#7023
Kirandip
Member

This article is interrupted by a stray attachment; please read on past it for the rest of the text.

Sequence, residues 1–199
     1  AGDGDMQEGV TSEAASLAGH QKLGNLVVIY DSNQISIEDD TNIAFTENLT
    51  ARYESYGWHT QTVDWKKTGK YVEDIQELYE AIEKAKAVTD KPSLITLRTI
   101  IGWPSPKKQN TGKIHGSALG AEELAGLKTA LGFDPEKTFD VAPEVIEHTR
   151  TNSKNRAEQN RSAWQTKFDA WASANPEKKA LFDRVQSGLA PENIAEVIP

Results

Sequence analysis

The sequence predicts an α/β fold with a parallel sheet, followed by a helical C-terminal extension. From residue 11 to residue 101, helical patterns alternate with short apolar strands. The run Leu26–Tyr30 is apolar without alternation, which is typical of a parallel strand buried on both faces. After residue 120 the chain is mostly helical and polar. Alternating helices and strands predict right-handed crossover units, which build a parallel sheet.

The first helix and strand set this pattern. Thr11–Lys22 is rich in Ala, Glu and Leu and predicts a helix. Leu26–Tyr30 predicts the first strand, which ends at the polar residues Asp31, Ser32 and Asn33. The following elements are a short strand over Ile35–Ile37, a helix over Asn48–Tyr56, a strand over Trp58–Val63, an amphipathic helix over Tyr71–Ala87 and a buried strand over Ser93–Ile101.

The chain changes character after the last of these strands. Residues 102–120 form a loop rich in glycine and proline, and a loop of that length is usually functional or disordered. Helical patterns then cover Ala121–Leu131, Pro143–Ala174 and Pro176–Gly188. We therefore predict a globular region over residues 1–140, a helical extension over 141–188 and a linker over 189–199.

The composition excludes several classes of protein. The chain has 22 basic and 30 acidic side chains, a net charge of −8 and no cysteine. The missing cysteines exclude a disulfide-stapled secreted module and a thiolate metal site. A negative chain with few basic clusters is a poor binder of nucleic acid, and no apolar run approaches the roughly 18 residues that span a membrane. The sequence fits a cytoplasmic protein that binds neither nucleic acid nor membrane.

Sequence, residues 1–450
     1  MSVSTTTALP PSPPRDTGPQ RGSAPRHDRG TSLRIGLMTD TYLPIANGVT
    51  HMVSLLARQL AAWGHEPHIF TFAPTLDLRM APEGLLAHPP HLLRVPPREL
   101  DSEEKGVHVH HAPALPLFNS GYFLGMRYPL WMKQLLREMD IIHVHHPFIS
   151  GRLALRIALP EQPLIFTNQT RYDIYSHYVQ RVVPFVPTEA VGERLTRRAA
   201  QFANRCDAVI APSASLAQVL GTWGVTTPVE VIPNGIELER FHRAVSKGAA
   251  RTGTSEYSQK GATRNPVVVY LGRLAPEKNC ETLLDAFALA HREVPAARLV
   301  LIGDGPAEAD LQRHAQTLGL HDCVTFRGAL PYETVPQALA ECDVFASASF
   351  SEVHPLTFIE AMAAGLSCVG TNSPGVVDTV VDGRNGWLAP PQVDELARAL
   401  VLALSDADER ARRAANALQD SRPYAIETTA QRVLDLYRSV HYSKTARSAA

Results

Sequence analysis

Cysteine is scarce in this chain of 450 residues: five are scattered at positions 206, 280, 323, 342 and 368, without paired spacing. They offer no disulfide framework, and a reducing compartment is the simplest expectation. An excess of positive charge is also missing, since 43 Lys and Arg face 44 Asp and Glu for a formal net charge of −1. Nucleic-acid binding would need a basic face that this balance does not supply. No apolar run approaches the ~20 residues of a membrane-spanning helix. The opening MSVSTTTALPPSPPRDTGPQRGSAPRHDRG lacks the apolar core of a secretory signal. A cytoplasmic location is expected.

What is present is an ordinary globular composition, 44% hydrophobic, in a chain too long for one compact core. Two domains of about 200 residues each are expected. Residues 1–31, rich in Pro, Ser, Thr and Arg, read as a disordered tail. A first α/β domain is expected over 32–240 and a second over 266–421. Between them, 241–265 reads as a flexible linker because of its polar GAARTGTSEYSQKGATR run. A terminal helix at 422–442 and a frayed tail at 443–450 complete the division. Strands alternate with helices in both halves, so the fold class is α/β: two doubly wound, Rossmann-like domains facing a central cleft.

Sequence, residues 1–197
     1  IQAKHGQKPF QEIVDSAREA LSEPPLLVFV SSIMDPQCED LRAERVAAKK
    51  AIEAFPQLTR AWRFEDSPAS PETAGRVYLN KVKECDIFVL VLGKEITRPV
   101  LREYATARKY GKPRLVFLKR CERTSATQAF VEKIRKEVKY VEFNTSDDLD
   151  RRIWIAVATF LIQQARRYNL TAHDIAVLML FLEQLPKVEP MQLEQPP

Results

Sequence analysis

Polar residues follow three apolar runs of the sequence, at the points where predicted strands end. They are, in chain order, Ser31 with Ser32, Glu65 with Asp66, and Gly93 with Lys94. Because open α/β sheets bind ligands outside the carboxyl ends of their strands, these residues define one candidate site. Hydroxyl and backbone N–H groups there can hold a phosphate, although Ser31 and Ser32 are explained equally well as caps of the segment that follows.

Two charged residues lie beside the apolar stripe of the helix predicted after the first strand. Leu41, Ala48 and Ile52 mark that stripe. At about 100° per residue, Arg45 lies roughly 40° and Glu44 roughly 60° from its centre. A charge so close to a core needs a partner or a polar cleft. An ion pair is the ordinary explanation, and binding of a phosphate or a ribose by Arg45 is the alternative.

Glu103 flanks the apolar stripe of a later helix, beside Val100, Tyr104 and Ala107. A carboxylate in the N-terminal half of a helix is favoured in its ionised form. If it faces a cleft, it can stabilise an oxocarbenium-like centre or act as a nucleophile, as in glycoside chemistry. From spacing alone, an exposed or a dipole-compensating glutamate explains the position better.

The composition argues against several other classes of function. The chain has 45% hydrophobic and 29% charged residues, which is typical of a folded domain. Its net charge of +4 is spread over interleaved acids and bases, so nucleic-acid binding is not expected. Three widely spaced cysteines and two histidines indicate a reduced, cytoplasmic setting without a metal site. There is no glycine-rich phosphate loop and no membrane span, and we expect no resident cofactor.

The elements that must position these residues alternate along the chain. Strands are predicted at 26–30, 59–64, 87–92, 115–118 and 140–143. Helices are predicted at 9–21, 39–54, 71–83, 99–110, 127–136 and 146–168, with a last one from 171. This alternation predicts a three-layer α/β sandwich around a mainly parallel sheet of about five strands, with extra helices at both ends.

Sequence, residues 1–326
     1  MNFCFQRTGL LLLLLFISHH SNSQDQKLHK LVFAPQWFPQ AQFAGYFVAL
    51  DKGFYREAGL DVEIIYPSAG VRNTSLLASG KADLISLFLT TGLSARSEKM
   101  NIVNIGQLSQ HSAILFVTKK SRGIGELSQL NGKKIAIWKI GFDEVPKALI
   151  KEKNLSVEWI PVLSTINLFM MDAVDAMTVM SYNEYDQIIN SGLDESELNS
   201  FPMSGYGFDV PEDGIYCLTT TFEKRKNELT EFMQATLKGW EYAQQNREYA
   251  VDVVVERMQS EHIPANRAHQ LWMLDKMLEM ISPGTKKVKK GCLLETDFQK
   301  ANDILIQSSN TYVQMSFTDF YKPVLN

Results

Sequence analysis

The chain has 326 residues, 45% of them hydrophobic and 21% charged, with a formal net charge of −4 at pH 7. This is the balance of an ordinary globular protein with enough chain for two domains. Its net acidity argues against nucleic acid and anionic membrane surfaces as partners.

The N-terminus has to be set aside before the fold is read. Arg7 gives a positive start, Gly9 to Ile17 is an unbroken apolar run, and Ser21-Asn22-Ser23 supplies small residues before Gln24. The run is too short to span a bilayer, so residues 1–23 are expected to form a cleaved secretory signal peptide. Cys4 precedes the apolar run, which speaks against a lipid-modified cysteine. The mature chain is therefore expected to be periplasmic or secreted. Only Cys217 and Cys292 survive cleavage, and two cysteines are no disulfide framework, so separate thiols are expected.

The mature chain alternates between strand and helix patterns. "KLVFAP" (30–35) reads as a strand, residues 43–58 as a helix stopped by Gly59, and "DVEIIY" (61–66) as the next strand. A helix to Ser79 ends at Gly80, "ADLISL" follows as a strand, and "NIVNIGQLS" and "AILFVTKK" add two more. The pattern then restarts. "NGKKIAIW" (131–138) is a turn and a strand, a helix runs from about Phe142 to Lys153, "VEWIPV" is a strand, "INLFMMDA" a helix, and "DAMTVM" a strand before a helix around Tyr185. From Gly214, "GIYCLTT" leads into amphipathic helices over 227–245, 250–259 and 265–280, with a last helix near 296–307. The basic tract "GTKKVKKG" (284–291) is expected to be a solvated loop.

In my previous role, I once came onto shift on Monday morning after a weekend off and was due to meet new residents that had moved into the home over the weekend (married couple). During shift report, I had learned that the weekend care team had run into a few obstacles with providing care for one of the residents (the husband) and that the level of care that he required was much higher that what was outlined in the care plan that was created by our Manager prior to this resident’s move in. With limited knowledge of this resident’s baseline health status and care needs, and overall wellness other than what I also reviewed in his admission paperwork and Care plan (they required assistance with medications and morning care), I went to meet the couple and immediately felt something was wrong with the resident in question (husband). I spoke to the wife and about her move in process, and then also assisted her husband with his morning care and tried to have a similar conversation with him but noticed he was not able to articulate full sentences, having difficulty bearing weight on both bottom extremities, was not oriented to place or time, lethargic, and seemed generally unwell. Because this was my first meeting with the resident I asked the resident’s wife if their orientation was normal for patient and they stated yes that this was very normal for the patient. Because this however was not the status of cognitive function that was reflected in the care plan, and feeling there was something else going on, I gathered my vitals kit and took the resident’s vitals and noted a fever. At this point, I notified the resident’s wife of the signs and symptoms I was noting of a possible UTI and delirium but the resident’s wife insisted that the resident was fine. At that point, I left the room once safe for the resident, and called the resident’s POA (daughter) and explained what I had noted and the POA was in agreement to send the resident to the hospital. It had turned out that the patient did have a UTI and subsequent delirium, and unfortunately, the resident also had a fall in hospital that they did not recover from and passed away in hospital. Had I just believed that this was the resident’s baseline health status and functional ability, I could’ve just utilized the Wellness team PSWs to implement more care for the resident in order for the resident to be cared for that morning as the weekend Care team had, but I had a gut feeling that there was more to this issue and thought about previous situations where patients have presented similar symptoms and what the outcome was. The patient would be at a very high risk of falls and subsequent injury, and this could also be a safety risk to the resident’s wife as well as they lived in the same suite. I was glad to have advocated for what I suspected in that situation and in trying to get the resident immediate emergency assistance as well.